[PATCH v3 0/4] Per-container dcache limitation
glommer at parallels.com
Mon Aug 22 04:42:08 PDT 2011
On 08/17/2011 10:27 PM, Dave Chinner wrote:
> On Wed, Aug 17, 2011 at 11:44:53AM -0700, Glauber Costa wrote:
>> On 08/16/2011 10:43 PM, Dave Chinner wrote:
>>> On Sun, Aug 14, 2011 at 07:13:48PM +0400, Glauber Costa wrote:
>>>> This series is just like v2, except it addresses
>>>> Eric's comments regarding percpu variables.
>>>> Let me know if there are further comments, and
>>>> I'll promply address them as well. Otherwise,
>>>> I feel this is ready for inclusion
>> Hi David,
>> I am not answering everything now, since I'm travelling, but let me
>> get to this one:
>>> Just out of couriousity, one thing I've noticed about dentries is
>>> that in general at any given point in time most dentries are unused.
>>> Under the workloads I'm testing, even when I have a million cached
>>> dentries, I only have roughly 7,000 accounted as used. That is, most
>>> of the dentries in the system are on a LRU and accounted in
>>> sb->s_nr_dentry_unused of their owner superblock.
>>> So rather than introduce a bunch of new infrastructure to track the
>>> number of dentries allocated, why not simply limit the number of
>>> dentries allowed on the LRU? We already track that, and the shrinker
>>> already operates on the LRU, so we don't really need any new
>> Because this only works well for cooperative workloads. And we can't
>> really assume that in the virtualization world. One container can
>> come up with a bogus workload - not even hard to write - that has
>> the sole purpose of punishing every resource sharer of him.
> Sure, but as I've said before you can prevent the container from
> consuming too many dentries (via a hard limit) simply by adding a
> inode quota per container. This is exactly the sort of
> uncooperative behaviour filesystem quotas were invented to
> Perhaps we should separate the DOS case from the normal
> (co-operative) use case.
> As i mentioned previously, your inode allocation based DOS (while
> (1); mkdir x; cd x; done type cases) example is trivial to prevent
> with quotas. It was claimed that is was not possible to prevent with
> filesystem quotas, I left proving that as an exercise for the
> reader,but I feel I need to re-iterate my point with an example.
> That is, if you can't create a million inodes in the container, you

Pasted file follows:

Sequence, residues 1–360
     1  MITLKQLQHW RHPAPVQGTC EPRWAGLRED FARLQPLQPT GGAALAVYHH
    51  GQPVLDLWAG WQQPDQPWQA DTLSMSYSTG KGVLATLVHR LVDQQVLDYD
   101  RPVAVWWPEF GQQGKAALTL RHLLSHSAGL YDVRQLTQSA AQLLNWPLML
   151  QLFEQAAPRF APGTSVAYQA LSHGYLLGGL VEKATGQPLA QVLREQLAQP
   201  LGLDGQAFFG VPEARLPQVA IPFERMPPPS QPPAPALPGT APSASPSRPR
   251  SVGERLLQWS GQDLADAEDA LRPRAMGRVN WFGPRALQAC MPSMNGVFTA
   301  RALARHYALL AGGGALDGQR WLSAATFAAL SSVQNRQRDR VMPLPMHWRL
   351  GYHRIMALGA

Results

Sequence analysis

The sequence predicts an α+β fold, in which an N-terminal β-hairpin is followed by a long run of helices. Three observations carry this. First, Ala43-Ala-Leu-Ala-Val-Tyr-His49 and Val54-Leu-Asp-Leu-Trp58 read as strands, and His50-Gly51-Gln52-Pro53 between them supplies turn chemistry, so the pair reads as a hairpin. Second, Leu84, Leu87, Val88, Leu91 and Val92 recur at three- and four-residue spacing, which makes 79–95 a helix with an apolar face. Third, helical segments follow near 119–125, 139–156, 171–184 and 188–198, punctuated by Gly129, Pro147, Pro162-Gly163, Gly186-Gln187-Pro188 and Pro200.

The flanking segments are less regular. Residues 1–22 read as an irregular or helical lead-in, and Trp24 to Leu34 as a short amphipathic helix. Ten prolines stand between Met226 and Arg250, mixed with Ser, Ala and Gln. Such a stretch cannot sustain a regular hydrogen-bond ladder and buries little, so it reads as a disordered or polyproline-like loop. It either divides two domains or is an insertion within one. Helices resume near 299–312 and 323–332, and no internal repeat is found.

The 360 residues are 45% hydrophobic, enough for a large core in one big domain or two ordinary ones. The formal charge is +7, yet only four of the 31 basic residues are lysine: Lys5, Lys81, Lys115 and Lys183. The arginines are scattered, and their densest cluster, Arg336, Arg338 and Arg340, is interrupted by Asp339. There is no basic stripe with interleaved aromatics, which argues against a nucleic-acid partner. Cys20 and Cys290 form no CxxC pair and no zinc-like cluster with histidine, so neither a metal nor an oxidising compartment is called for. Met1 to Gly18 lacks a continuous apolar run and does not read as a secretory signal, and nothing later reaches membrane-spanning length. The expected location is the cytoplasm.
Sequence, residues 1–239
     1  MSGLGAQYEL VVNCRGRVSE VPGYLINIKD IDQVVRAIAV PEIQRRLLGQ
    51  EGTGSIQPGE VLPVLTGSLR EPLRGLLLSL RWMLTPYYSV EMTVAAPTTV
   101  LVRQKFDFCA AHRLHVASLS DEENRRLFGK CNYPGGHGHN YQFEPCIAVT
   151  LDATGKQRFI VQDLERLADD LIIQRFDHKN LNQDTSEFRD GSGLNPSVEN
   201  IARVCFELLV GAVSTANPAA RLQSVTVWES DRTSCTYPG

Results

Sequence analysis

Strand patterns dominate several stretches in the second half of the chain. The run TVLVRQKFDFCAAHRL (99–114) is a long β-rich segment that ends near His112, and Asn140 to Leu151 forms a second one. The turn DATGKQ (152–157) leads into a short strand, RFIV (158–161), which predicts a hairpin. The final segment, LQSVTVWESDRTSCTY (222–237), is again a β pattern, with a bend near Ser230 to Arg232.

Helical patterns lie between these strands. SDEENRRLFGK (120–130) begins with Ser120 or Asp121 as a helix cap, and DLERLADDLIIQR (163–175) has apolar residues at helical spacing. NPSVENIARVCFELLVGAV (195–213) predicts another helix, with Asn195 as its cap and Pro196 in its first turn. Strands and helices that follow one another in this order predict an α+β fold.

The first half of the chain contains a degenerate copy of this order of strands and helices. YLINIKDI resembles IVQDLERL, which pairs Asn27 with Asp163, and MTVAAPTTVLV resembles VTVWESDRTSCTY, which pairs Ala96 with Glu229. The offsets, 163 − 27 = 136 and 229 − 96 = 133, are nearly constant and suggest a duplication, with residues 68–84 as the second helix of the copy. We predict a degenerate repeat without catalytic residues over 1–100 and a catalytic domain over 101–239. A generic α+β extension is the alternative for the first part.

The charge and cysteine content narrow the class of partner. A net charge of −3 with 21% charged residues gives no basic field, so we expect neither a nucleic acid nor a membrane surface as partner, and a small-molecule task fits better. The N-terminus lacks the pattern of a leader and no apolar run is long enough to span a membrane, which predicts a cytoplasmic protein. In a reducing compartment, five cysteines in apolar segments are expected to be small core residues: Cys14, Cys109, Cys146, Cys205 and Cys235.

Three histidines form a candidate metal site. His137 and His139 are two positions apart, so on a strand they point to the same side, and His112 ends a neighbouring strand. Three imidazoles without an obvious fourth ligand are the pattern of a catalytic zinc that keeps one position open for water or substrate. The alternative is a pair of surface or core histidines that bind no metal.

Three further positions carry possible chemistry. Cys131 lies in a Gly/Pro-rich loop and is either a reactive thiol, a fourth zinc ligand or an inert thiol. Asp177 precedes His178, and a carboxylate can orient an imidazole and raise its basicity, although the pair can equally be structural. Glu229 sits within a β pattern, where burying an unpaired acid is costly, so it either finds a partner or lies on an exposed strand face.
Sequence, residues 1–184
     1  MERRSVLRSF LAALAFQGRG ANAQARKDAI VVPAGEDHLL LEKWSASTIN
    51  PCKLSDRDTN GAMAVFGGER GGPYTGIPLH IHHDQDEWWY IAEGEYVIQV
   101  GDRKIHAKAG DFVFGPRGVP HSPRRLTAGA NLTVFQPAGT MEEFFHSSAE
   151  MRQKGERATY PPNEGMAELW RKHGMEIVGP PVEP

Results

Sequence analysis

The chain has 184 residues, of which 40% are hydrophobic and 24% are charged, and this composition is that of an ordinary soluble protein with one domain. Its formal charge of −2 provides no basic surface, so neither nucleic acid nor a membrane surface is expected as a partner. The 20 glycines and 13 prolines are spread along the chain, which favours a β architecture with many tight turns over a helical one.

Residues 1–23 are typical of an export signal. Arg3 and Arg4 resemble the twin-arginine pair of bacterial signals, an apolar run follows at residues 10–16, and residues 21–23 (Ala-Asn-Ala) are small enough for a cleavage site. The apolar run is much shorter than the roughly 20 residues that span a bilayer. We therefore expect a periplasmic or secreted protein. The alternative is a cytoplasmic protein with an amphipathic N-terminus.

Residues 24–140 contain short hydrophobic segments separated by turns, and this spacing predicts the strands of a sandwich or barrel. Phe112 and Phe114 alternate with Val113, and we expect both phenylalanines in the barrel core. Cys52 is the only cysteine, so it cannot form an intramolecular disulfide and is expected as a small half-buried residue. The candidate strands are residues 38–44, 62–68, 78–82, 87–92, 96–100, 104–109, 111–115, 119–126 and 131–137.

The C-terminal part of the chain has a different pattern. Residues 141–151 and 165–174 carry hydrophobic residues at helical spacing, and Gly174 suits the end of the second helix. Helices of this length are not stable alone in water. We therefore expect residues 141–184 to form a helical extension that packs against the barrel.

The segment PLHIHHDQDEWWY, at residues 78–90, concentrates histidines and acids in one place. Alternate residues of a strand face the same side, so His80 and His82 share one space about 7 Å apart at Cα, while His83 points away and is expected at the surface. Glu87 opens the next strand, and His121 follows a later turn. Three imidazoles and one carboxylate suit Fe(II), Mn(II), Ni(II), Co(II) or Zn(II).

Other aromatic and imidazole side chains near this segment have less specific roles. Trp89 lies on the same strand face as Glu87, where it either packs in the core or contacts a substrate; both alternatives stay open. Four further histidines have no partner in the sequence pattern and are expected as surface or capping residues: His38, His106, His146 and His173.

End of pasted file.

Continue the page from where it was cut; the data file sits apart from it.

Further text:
> can't instantiate a million dentries in the container. For example,
> use project quotas on XFS to create directory tree containers with
> hard limits on the number of inodes:
The dentry -> inode relationship is a N:1 relationship. Therefore, it is
hard to believe that your example below would still work if we were
trying to fill the cache through link operations, instead of operations
like mkdir, that enforce a 1:1 relationship.
Caping the dentry numbers, OTOH, caps the # of inodes as well. Although
we *do* can have inodes lying around in the caches without an associated
dentry at some point in time, we cannot have inodes *pinned* into the
cache without an associated dentry. So they will soon enough go away.
So maybe it is the other way around here, and it is people that wants an
inode capping that should model it after a dentry cache capping.
> $ cat /etc/projects
> $ cat /etc/projid
> $ sudo mount -o prjquota,delaylog,nobarrier,logbsize=262144,inode64 /dev/vda /mnt/scratch
> $ mkdir -p /mnt/scratch/projects/foo
> $ sudo xfs_quota -x -c "project -s foo" /mnt/scratch
> Setting up project foo (path /mnt/scratch/projects/foo)...
> Setting up project foo (path /mnt/scratch/projects/foo)...
> Processed 2 (/etc/projects and cmdline) paths for project foo with recursion depth infinite (-1).
> $ sudo xfs_quota -x -c "limit -p ihard=1436 foo" /mnt/scratch
> $ sudo xfs_quota -c "quota -p foo" /mnt/scratch
> $ cd /mnt/scratch/projects/foo/
> $ ~/src/fs_mark-3.3/dir-depth
> count 1435, err -1, err Disk quota exceeded pwd /mnt/scratch/projects/foo/x/x/x/x/x/x/x/x/x/x/x/x/x/x/x/x/x/x/x/x/x/x/x/x/x/x/x/x/x/x/x/x/x/x/x/x/x/x/x/x/x/x/x/x/x/x/x/x/x/x/x/x/x/x/x/x/x/x/x/x/x/x/x/x/x/x/x/x/x/x/x/x/x/x/x/x/x/x/x/x/x/x/x/x/x/x/x/x/x/x/x/x/x/x/x/x/x/x/x/x/x/x/x/x/x/x/x/x/x/x/x/x/x/x/x/x/x/x/x/x/x/x/x/x/x/x/x/x/x/x/x/x/x/x/x/x/x/x/x/x/x/x/x/x/x/x/x/x/x/x/x/x/x/x/x/x/x/x/x/x/x/x/x/x/x/x/x/x/x/x/x/x/x/x/x/x/x/x/x/x/x/x/x/x/x/x/x/x/x/x/x/x/x/x/x/x/x/x/x/x/x/x/x/x/x/x/x/x/x/x/x/x/x/x/x/x/x/x/x/x/x/x/x/x/x/x/x/x/x/x/x/x/x/x/x/x/x/x/x/x/x/x/x/x/x/x/x/x/x/x/x/x/x/x/x/x/x/x/x/x/x/x/x/x/x/x/x/x/x/x/x/x/x/x/x/x/x/x/x/x/x/x/x/x/x/x/x/x/x/x/x/x/x/x/x/x/x/x/x/x/x/x/x/x/x/x/x/x/x/x/x/x/x/x/x/x/x/x/x/x/x/x/x/x/x/x/x/x/x/x/x/x/x/x/x/x/x/x/x/x/x/x/x/x/x/x/x/x/x/x/x/x/x/x/x/x/x/x/x/x/x/x/x/x/x/x/x/x/x/x/x/x/x/x/x/x/x/x/x/x/x/x/x/x/x/x/x/x/x/x/x/x/x/x/x/x/x/x/x/x/x/x/x/x/x/x/x/x/x/x/x/x/x/x/x/x/x/x/x/x/x/x/x/x/x/x/x/x/x/x/x/x/x/x/x/x/x/x/x/x/x/x/x/x/x/x/x/x/x/x/x/x/x/x/x/x/x/